These envelopes, I believe, contain drafts, in English and in French, of the
proposed softwood lumber agreement. They are 25 pages in length.
The Hon. the Speaker: Is leave granted, honourable senators?
Some Hon. Senators: No.
Some Hon. Senators: Yes.
The Hon. the Speaker: Leave is not granted.
Senator Fraser: Read them.
Senator Ringuette: Do I have four or so minutes left? Very well. The
SOFTWOOD LUMBER AGREEMENT
THE GOVERNMENT Of
THE GOVERNMENT OF THE UNITED STATES.
The Government of Canada ("Canada") and the Government of the United
States of America ("United States")
HAVE AGREED AS FOLLOWS:
The objectives of this Agreement are to:
1. eliminate all current litigation and prevent disputes arising from
trade of softwood lumber products between Canada and the United States;
2. facilitate and encourage mutual beneficial trade in softwood lumber;
3. foster competitive conditions in the North American softwood lumber
market, the expansion of existing markets and the growth of new markets
for softwood lumber (and participate in meritorious initiatives).
SCOPE OF COVERAGE
1. This Agreement applies to trade in softwood lumber products. Softwood
lumber products are those products listed in Annex I.
2. No new softwood lumber products will be added to the scope of this
— meaning we cannot add value-added products; you need to read between the
lines here —
— without the mutual agreement of the Parties regardless of any tariff
reclassification or other action by the United States.
REVOCATION OF ANTI-DUMPING AND COUNTERVAILING DUTY
REFUND OF ANTI-DUMPING AND COUNTERVAILING DUTY
REFUND OF CASH DEPOSITS MADE WITHOUT PREJUDICE...
COMMITMENTS OF THE UNITED STATES CONCERNING TRADE
REMEDY INVESTIGATIONS AND ACTION AND OTHER LITIGATION...
CANADIAN EXPORT MEASURES
Honourable senators, I think this one merits our concerns.
1. Immediately upon revocation of the AD Order, the CVD Order and the
termination of all current administrative, expedited, changed circumstances,
and new shipper reviews by the United States in accordance with Article III,
the following export measures will be applicable: (1) an export charge; (2) an
export charge plus a volume restraint; (3) a surcharge mechanism; and (4) a
third country trigger.
That sounds pretty one-sided to me. I move on:
EXPORT CHARGE AND EXPORT CHARGE PLUS VOLUME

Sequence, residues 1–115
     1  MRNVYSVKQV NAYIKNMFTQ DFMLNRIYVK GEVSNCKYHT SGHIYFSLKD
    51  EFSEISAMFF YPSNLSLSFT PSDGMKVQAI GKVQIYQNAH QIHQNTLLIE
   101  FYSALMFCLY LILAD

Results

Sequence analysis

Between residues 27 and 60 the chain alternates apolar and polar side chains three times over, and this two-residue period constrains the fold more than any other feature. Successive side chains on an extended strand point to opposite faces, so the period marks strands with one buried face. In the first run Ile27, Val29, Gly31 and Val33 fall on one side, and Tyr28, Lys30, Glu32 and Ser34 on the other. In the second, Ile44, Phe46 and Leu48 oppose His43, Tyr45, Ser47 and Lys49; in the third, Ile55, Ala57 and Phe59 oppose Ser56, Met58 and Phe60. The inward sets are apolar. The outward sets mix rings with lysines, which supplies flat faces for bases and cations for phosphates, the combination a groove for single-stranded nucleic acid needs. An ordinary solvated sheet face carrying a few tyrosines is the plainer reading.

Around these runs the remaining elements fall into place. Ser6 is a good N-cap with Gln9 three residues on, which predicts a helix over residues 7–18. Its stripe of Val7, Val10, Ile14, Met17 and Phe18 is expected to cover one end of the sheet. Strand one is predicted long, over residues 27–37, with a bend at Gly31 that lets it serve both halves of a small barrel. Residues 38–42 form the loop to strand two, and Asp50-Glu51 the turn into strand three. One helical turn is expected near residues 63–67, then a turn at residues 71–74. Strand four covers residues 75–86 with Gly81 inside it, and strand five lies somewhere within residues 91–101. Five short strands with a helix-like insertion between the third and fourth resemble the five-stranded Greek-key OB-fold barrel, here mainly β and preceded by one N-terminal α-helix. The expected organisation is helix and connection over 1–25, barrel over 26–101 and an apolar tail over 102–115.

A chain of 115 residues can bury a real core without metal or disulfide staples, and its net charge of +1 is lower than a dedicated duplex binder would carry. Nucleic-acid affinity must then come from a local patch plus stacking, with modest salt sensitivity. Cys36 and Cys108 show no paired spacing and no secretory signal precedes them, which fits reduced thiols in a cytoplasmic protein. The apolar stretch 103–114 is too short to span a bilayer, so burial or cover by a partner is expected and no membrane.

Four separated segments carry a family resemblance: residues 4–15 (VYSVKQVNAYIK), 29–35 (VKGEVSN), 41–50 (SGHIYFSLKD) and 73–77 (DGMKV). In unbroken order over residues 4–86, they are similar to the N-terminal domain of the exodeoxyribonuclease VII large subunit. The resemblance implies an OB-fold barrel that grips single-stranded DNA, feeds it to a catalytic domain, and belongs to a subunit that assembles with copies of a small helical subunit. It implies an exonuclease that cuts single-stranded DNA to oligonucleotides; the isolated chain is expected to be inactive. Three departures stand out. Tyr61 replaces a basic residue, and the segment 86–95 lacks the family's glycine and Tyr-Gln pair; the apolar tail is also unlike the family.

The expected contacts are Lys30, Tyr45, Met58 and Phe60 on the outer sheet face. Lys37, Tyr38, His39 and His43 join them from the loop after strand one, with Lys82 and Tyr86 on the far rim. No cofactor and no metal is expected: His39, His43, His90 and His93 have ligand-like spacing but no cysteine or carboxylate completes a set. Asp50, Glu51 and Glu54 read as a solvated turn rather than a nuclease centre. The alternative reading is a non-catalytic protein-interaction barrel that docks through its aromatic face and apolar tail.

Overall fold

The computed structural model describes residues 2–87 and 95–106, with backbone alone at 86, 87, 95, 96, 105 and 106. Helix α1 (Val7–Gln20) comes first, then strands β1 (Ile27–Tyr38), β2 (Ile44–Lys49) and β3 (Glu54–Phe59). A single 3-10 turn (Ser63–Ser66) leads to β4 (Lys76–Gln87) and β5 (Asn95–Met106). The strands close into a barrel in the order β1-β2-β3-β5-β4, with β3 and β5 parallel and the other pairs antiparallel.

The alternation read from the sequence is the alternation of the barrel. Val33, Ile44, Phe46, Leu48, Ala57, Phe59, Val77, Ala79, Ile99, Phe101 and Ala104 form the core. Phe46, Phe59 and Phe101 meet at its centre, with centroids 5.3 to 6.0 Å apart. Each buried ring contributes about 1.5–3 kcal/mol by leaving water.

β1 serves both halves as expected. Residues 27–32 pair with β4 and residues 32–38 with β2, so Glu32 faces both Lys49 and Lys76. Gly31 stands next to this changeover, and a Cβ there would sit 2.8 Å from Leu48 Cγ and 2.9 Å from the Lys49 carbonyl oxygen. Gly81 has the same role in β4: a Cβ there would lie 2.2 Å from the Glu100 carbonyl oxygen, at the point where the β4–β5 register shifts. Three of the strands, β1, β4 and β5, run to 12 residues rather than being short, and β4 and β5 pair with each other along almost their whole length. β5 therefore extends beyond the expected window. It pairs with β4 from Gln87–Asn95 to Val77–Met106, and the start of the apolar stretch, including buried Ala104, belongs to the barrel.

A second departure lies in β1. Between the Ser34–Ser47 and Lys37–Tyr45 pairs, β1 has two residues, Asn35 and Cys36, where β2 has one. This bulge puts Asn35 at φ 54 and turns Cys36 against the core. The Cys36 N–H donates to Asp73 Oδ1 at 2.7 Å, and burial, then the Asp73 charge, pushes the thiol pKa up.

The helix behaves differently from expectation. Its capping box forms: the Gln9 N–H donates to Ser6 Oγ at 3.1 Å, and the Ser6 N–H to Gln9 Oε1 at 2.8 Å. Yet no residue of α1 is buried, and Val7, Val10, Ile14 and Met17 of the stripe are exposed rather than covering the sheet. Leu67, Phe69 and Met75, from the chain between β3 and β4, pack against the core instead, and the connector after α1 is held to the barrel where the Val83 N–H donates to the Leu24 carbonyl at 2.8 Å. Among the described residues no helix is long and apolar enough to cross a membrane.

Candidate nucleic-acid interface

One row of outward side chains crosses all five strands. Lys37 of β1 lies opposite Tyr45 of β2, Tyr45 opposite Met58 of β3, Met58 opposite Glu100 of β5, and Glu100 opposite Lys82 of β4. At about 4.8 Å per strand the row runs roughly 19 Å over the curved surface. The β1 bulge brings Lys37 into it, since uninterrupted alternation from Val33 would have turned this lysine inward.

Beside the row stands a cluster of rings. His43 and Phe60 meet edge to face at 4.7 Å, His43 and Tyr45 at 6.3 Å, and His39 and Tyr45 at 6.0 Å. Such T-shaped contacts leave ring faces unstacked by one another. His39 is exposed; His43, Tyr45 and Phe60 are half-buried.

That means quotas, right? Then, Article IX says:
CANADIAN EXPORT SURGE...
THIRD COUNTRY EXPORT SURGE...
EXCLUSIONS FROM THE EXPORT MEASURE...
TERMINATION OF LITIGATION...
I do not know why they put that in there because they do not believe in it.
Then the document goes on —
The Hon. the Speaker: Order! The five-minute extension has expired.
The Honourable Senator Comeau?
Hon. Gerald J. Comeau (Deputy Leader of the Government): I had been
kind of hoping that the honourable senator would refer to the André Ouellet
board of directors' expense accounts that she used to sign, but that did not
Having said that, I will move the adjournment of the debate.
Senator Ringuette: On a point of order, Your Honour —
Senator Milne: I rise to speak to this motion —
The Hon. the Speaker: There is a motion on the floor that has been put
forward, which is that it was moved by the Honourable Senator Comeau, seconded
by the Honourable Senator Oliver, that further debate be adjourned until the
next sitting of the Senate.
Hon. Lorna Milne: Normally, Your Honour, a point of order —
The Hon. the Speaker: This question is before the house. Is it your
pleasure, honourable senators, to adopt the motion?
Some Hon. Senators: Agreed.
Some Hon. Senators: No.
The Hon. the Speaker: In my opinion, the yeas have it.
On motion of Senator Comeau, debate adjourned, on division.
The Hon. the Speaker: Honourable senators, there is a House order that
I must put to you. The House order is that, it being 4 p.m., and pursuant to the
order adopted by the Senate on April 6, 2005, I declare the Senate continued
until Thursday, June 1, 2006, at 1:30 p.m., the Senate so decreed.
Hon. Fernand Robichaud: Your Honour, four people were standing for a
vote on the adjournment motion.
Senator Ringuette: Your Honour —
Senator Milne: Point of order.
The Senate adjourned until tomorrow, Thursday, June 1, 2006, at 1:30 p.m.